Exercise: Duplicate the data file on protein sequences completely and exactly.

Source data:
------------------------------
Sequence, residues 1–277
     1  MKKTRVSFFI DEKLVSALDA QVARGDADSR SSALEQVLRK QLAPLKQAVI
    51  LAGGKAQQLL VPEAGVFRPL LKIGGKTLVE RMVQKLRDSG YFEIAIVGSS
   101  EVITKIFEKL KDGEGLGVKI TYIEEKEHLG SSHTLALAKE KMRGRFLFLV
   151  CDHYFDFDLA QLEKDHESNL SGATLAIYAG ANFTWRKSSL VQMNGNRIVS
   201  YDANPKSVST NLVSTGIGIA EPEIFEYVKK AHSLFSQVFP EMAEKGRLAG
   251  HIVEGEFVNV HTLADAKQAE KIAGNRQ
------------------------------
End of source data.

Sequence, residues 1–277
     1  MKKTRVSFFI DEKLVSALDA QVARGDADSR SSALEQVLRK QLAPLKQAVI
    51  LAGGKAQQLL VPEAGVFRPL LKIGGKTLVE RMVQKLRDSG YFEIAIVGSS
   101  EVITKIFEKL KDGEGLGVKI TYIEEKEHLG SSHTLALAKE KMRGRFLFLV
   151  CDHYFDFDLA QLEKDHESNL SGATLAIYAG ANFTWRKSSL VQMNGNRIVS
   201  YDANPKSVST NLVSTGIGIA EPEIFEYVKK AHSLFSQVFP EMAEKGRLAG
   251  HIVEGEFVNV HTLADAKQAE KIAGNRQ